Gagne v. Gagne

459 P.3d 686 (2019)

From our private database of 45,900+ case briefs, written and edited by humans—never with AI.

Gagne v. Gagne

Colorado Court of Appeals
459 P.3d 686 (2019)

KD

Facts

Paula Gagne (defendant) and her son, Richard Gagne (plaintiff), were the only members of four limited-liability companies. Paula and Richard formed each limited-liability company (LLC) with the intent that Paula would buy apartment complexes and that Richard would manage them. Under the operative operating agreements, Paula and Richard owned the LLCs 50/50, but Paula had 51 percent of the voting rights. Paula and Richard’s relationship deteriorated to the point that Richard sued to dissolve the LLCs pursuant to a Colorado statute that provided that an LLC could be dissolved in a proceeding by or for a member or manager of the LLC if it was not reasonably practicable to carry on the LLC’s business in conformity with its operating agreement. Richard also sought a declaration of the parties’ rights and obligations. Both parties were dissatisfied with the results of the first trial and appealed to the Colorado Court of Appeals. In an earlier opinion known as Gagne I, the appellate court had found that the trial court applied the wrong test to determine whether dissolution was proper. The appellate court articulated the proper test, which involved the consideration of seven nonexclusive factors: (1) whether the LLC’s managers were unable or unwilling to pursue the LLC’s purpose; (2) whether a member or manager had committed misconduct; (3) whether the members were unable to work together to pursue the LLC’s purpose; (4) whether the members were deadlocked; (5) whether the operating agreement provided a means of resolving a deadlock; (6) whether, given the LLC’s finances, there remained a company to operate; and (7) whether continuation was financially feasible. After considering these factors, the trial court found that dissolution was warranted and entered an order setting forth how dissolution would proceed. The trial court found that the LLCs had failed their purposes because Paula refused to give Richard any role in managing the properties. Moreover, Paula and Richard could not work together. The court also found that Paula had engaged in serious misconduct by, among other things, reimbursing herself from LLC funds for extravagant personal expenses. Finally, the court found that Paula and Richard were deadlocked, with no apparent way around the deadlock. Paula appealed to the Colorado Court of Appeals.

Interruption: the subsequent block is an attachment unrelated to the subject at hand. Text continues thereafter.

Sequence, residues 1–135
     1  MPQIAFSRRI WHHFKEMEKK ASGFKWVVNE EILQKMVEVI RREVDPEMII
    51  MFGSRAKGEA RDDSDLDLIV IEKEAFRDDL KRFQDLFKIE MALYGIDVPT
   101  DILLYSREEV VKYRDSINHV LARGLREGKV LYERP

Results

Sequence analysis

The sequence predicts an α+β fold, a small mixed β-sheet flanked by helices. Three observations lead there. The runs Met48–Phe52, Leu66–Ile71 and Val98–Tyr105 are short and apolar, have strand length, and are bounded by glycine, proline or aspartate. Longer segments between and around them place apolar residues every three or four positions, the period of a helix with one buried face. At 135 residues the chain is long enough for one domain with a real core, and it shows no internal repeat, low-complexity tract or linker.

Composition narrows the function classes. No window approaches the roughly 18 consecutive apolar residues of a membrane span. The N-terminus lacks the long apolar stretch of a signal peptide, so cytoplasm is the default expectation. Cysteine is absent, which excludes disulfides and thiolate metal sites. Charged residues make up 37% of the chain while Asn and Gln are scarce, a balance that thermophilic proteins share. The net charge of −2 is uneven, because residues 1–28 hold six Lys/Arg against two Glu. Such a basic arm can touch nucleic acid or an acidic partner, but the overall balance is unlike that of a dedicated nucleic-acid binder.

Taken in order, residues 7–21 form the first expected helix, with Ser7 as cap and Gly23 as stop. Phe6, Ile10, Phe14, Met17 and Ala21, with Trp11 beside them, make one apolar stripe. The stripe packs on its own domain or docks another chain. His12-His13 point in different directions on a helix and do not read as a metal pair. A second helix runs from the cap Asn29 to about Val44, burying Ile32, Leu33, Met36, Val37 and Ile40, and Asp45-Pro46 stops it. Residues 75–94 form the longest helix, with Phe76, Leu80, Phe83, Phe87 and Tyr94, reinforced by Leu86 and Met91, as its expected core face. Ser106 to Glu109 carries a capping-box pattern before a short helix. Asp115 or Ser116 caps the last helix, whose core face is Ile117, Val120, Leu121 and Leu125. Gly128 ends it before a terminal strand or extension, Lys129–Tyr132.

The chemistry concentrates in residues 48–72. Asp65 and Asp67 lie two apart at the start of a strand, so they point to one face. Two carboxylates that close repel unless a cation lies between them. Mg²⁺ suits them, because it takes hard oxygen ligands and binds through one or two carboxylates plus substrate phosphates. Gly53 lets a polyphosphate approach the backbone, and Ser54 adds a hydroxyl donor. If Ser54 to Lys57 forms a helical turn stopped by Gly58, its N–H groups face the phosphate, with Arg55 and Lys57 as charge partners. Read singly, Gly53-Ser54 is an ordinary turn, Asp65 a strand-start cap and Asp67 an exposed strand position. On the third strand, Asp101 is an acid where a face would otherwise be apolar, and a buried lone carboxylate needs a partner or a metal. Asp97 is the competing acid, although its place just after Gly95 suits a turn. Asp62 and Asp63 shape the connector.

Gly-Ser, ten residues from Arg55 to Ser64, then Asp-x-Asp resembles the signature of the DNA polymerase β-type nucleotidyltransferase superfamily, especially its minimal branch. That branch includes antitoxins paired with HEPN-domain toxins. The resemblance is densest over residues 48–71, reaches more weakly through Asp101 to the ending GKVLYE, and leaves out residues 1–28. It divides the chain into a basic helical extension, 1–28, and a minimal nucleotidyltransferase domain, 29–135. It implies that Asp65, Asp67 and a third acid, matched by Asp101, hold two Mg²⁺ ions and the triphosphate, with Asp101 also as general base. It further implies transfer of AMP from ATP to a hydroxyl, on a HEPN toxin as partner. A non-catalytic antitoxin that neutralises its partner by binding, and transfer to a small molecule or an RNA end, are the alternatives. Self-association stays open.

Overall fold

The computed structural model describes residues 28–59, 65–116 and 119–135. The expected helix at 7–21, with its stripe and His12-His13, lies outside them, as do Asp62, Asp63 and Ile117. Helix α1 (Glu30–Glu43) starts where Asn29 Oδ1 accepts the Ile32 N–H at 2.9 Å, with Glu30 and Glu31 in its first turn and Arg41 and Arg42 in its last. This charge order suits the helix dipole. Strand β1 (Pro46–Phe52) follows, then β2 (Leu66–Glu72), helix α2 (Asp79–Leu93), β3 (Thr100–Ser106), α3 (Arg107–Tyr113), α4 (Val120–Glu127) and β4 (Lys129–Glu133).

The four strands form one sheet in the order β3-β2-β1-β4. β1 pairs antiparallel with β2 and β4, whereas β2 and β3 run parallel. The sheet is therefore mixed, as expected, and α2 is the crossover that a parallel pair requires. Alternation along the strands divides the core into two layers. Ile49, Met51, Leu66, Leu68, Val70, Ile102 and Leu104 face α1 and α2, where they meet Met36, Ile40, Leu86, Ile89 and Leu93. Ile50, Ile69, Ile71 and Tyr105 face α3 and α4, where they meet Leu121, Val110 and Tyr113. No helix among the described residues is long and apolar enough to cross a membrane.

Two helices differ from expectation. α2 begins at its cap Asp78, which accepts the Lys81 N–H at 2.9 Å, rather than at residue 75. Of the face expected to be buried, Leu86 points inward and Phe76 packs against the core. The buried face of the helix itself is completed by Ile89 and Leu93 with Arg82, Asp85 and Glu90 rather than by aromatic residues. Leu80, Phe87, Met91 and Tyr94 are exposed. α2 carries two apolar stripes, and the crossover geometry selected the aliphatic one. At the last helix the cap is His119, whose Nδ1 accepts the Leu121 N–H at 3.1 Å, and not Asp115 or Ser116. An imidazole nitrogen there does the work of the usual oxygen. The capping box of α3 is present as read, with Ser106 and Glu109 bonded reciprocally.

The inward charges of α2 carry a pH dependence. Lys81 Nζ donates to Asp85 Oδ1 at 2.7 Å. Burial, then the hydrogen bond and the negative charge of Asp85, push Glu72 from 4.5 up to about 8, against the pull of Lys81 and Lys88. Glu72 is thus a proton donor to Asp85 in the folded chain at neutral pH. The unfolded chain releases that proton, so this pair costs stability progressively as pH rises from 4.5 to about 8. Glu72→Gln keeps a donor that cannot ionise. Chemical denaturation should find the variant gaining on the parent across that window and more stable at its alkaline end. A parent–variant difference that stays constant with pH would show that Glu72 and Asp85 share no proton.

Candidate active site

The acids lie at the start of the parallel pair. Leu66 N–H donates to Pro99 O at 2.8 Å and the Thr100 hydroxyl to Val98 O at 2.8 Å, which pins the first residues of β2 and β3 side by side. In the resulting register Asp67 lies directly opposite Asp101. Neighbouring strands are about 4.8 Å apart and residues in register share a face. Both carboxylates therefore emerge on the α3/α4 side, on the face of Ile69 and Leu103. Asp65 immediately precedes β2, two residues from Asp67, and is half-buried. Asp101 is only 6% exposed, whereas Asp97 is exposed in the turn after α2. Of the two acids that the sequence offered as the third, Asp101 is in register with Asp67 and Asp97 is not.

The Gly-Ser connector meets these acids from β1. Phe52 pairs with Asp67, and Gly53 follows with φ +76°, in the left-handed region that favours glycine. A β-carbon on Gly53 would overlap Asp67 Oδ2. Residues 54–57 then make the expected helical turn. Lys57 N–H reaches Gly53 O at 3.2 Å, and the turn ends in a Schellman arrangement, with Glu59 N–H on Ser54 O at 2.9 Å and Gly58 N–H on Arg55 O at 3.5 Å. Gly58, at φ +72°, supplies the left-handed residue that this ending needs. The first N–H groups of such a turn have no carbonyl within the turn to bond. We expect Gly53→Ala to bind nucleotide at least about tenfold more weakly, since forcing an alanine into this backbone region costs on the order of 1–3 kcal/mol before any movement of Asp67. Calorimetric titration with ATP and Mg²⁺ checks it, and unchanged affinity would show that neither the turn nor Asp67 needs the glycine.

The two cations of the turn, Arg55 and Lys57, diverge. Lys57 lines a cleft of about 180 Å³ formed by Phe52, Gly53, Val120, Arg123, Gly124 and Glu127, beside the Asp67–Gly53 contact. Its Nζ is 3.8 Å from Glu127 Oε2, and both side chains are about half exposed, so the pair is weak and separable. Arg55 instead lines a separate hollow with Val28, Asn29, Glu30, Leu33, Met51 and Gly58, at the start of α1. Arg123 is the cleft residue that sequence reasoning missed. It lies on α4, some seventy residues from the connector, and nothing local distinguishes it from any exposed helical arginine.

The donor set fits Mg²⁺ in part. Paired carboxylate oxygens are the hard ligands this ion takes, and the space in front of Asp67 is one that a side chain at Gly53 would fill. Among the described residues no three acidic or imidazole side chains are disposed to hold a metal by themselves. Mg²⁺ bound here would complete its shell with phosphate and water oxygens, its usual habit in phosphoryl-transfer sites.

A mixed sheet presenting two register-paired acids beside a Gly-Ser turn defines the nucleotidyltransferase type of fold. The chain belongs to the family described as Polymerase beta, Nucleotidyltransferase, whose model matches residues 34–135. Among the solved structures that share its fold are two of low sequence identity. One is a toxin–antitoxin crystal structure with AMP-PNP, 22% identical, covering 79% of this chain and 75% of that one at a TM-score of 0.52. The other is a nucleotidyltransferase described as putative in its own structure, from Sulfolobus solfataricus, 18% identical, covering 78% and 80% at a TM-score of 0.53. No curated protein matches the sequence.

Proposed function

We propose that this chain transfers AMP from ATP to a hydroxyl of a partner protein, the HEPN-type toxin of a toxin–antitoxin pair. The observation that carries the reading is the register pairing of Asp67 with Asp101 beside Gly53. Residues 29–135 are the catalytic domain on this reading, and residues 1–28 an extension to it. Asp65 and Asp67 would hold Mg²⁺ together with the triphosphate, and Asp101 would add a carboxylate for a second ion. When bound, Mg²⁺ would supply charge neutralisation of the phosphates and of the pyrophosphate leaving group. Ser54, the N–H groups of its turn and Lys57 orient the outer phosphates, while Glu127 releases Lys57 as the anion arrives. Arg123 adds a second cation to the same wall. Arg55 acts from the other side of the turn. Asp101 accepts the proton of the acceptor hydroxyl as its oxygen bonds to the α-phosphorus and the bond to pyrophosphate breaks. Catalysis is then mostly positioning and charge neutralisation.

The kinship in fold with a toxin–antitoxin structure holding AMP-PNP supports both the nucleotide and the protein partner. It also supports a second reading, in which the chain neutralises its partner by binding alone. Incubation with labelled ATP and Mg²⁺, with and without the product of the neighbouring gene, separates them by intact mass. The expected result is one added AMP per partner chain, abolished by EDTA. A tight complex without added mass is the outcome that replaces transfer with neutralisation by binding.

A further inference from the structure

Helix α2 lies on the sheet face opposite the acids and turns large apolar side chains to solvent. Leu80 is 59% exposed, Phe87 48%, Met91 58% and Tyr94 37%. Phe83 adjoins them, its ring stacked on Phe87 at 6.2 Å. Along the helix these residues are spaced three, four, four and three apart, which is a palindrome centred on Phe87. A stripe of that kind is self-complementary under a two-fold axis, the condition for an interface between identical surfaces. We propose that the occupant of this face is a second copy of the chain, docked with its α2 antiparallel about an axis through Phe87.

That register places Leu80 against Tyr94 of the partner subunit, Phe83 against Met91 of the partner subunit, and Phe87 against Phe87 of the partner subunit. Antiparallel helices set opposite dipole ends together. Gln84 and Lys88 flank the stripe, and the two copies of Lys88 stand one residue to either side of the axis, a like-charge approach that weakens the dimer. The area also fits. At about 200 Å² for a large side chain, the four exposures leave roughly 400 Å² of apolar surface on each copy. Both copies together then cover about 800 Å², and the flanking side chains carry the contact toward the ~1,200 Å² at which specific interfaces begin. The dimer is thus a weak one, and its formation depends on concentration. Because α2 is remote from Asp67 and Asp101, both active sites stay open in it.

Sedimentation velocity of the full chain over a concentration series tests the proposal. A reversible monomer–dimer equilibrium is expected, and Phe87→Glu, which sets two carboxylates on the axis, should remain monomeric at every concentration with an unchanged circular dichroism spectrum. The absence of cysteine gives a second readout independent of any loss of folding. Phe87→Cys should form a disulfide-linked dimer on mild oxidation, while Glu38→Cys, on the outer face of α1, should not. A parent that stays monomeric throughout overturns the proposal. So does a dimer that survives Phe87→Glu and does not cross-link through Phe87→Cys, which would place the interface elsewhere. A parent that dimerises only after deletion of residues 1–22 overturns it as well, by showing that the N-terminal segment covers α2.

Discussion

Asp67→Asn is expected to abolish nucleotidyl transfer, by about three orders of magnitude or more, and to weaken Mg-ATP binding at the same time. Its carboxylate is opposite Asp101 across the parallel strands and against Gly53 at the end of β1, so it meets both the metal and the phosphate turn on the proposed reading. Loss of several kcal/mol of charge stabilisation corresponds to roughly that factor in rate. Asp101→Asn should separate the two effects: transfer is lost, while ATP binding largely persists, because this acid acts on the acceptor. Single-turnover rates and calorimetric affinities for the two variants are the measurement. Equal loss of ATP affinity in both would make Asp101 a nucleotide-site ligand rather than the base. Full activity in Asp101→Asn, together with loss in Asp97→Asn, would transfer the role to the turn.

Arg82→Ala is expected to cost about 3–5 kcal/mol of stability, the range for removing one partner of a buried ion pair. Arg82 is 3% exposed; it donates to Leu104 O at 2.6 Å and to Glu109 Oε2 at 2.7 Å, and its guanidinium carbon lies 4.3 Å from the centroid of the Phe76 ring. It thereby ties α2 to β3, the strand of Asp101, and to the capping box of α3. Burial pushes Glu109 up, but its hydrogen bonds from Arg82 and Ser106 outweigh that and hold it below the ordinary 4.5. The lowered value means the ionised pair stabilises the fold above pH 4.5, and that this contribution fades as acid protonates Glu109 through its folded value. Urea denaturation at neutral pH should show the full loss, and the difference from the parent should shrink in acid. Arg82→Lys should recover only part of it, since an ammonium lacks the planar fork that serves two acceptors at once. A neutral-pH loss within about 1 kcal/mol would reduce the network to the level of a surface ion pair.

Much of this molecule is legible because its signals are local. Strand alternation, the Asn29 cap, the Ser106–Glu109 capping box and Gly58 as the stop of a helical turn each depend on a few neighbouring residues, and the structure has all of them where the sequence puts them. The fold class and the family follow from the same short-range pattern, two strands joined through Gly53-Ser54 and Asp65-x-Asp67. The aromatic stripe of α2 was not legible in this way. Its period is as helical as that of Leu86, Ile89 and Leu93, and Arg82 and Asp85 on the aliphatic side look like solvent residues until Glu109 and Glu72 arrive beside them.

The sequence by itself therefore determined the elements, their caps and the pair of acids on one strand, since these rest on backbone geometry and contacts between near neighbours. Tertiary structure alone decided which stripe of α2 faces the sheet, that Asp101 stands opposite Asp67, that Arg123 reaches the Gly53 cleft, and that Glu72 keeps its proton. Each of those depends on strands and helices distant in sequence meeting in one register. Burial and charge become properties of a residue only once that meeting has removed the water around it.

Rule of Law

Issue

Holding and Reasoning (Jones, J.)

What to do next…

  1. Unlock this case brief with a free (no-commitment) trial membership of Quimbee.

    You’ll be in good company: Quimbee is one of the most widely used and trusted sites for law students, serving more than 741,000 law students since 2011. Some law schools—such as Yale, Berkeley, and Northwestern—even subscribe directly to Quimbee for all their law students.

    Unlock this case briefRead our student testimonials
  2. Learn more about Quimbee’s unique (and proven) approach to achieving great grades at law school.

    Quimbee is a company hell-bent on one thing: helping you get an “A” in every course you take in law school, so you can graduate at the top of your class and get a high-paying law job. We’re not just a study aid for law students; we’re the study aid for law students.

    Learn about our approachRead more about Quimbee

Here's why 741,000 law students have relied on our case briefs:

  • Written by law professors and practitioners, not other law students. 45,900 briefs, keyed to 984 casebooks. Top-notch customer support.
  • The right amount of information, includes the facts, issues, rule of law, holding and reasoning, and any concurrences and dissents.
  • Access in your classes, works on your mobile and tablet. Massive library of related video lessons and high quality multiple-choice questions.
  • Easy to use, uniform format for every case brief. Written in plain English, not in legalese. Our briefs summarize and simplify; they don’t just repeat the court’s language.

Access this case brief for FREE

With a 7-day free trial membership
Here's why 741,000 law students have relied on our case briefs:
  • Reliable - written by law professors and practitioners, not other law students
  • The right length and amount of information - includes the facts, issue, rule of law, holding and reasoning, and any concurrences and dissents
  • Access in your class - works on your mobile and tablet
  • 45,900 briefs - keyed to 984 casebooks
  • Uniform format for every case brief
  • Written in plain English - not in legalese and not just repeating the court's language
  • Massive library of related video lessons - and practice questions
  • Top-notch customer support

Access this case brief for FREE

With a 7-day free trial membership